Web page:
Dr H. A. Hellyer remembers Shaykh Emad Effat seven years on from his death.
Seven years ago today, Shaykh Emad Effat died of a gunshot wound when Egyptian soldiers clashed with demonstrators – of which Shaykh Emad was one – protesting against the country’s military leaders in downtown Cairo. He became known as “Shaykh al-Thawra” (the shaykh of the revolution) and “Shaheed al-Azhar” (the martyr of the Azhar). Seven years on, I still ponder a great deal about Shaykh Emad, what he represented, what lessons he taught those of us who believed in the January 25th revolution of Egypt, and the roles that religious leaders play today in the region from whence he came.
Shaykh Emad was an Azhari shaykh, in the old mold of what it meant to be an Azhari ‘alim (scholar). He earned several degrees: the first in Arabic language from Ain Shams University, the second in Shari‘a at the Azhar University, and then a diploma in Islamic jurisprudence, also from al-Azhar University. Before his more extensive studies in the Islamic tradition, he was more sympathetic to an ultra-conservative form of Salafism – but in his 20s, shifted to a more mainstream Sunnism.
He taught in the old rooms of the Azhar mosque, in a very traditional manner – and upheld the traditional methodology (minhaj) of the Azhari collective of learning. That meant, as Imam al-Saffarini describes it in his Lawami’ al-Anwar, the two major schools of theology (the Ash‘aris and the Maturidis), the minor school (the Athari or Hanbali) of theology, the Sunni schools of law, and Sufism. That is historically normative Sunnism, and the largest body of Muslims historically have followed precisely that. I’m not aware if Shaykh Emad was a member of a specific tariqa (Sufi order) – I do know that he taught texts from the orders, including the famous Hikam (Aphorisms) of Ibn Ata’illah, a luminary of the Shadhuli order of Sufis.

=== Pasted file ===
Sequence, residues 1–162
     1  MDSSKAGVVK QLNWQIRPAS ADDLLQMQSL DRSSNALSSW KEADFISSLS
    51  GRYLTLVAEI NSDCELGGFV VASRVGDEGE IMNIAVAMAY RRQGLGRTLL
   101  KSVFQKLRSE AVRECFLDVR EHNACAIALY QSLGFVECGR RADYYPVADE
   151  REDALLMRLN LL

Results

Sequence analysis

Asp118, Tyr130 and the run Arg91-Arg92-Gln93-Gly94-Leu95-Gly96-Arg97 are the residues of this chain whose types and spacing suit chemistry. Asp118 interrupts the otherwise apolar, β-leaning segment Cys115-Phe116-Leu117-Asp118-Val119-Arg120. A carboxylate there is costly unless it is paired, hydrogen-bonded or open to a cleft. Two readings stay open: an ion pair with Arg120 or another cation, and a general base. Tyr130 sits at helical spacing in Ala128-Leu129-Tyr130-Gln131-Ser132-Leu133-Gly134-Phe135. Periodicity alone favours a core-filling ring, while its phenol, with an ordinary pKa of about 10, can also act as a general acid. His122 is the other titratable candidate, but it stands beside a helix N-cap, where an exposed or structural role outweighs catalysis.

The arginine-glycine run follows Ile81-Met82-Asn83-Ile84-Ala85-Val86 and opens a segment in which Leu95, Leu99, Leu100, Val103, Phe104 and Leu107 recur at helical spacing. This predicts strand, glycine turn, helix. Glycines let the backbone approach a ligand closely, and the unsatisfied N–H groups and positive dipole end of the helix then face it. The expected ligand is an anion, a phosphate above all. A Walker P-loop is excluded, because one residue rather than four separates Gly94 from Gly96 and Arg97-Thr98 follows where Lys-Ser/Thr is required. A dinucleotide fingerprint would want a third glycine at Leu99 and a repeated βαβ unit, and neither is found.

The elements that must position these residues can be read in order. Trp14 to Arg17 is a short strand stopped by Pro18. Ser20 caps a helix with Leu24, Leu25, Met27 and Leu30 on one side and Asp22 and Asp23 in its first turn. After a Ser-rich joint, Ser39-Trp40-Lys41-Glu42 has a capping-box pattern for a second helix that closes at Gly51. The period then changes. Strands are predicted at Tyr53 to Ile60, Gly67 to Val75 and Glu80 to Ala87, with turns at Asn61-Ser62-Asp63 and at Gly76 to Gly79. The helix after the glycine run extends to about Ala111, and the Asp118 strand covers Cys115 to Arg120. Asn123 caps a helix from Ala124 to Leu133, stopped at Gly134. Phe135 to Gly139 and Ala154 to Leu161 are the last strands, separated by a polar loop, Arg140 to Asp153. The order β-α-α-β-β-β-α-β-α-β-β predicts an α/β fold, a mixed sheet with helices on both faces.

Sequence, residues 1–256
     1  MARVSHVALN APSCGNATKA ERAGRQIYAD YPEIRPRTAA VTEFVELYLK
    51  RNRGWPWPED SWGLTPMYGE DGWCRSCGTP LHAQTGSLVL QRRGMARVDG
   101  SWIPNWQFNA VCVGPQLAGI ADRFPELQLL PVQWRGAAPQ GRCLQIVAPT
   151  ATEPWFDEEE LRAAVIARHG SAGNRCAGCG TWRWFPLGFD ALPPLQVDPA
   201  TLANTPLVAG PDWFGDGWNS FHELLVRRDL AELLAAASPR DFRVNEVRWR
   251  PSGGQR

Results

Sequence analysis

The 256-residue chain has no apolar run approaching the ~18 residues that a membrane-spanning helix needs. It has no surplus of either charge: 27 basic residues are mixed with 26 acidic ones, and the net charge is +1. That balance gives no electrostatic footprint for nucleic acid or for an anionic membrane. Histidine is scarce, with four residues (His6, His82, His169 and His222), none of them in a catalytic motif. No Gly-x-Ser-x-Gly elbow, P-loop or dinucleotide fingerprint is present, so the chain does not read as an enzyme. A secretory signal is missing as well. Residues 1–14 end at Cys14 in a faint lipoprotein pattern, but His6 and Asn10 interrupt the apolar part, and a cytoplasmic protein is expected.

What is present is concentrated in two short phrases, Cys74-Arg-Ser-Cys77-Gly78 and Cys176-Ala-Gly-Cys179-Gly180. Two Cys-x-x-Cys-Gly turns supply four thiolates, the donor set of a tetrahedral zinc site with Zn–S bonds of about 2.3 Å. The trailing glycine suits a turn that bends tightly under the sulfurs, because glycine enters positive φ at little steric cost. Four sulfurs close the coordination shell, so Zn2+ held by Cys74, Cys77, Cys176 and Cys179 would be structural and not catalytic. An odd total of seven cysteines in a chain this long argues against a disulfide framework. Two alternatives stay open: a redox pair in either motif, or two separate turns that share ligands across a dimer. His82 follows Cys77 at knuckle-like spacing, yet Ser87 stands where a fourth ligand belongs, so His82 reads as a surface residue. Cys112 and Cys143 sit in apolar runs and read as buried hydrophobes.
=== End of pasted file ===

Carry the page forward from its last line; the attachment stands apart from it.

And at the same time, he was a deep believer in contextualization, in the finest tradition of his Azhari upbringing. As his student, Ibrahim al-Houdaiby mentioned of him, “The shaykh greatly respected expertise and listened closely to experts in all fields and gladly sought the advice of social studies specialists before expressing his opinion on something in their field. He criticized “preachers” and “shaykhs” who talk about God’s religion without being qualified.” How few, it seems, that pay genuine attention to this important note today, despite it resonating through the ages from various ‘ulama.
The Hasani and the Husayni
Shaykh Emad was also a member of the official Azhari establishment. By that, I mean he engaged in a rather direct fashion with officialdom writ large. From 2003 until his death, Shaykh Emad held the position of “amin al-fatwa,” or the “director of religious verdicts” at Egypt’s Dar al-‘Ifta – a part of the state’s Ministry of Justice, which issued religious verdicts to citizens and state departments that requested them. One of his most beloved teachers was the then grand mufti of Egypt, Ali Gomaa’.
But there was another aspect to Shaykh Emad Effat – and it was the aspect that led him to protest against the military leaders of Egypt in late 2011.
Ironically, one of the most vivid testimonies to that came from the grand mufti, who was immensely critical of that aspect of him. As Dr Waleed Almusharaf recalls, in a piece that deserves to be read again and again: “He never asked my opinion on going down to [Tahrir] square,” said the Grand Mufti, “He blamed me for not going there myself. He would say of it: ‘the air around Tahrir now, is purer to me than the air around the Kaaba.’ I criticized him for the statement.”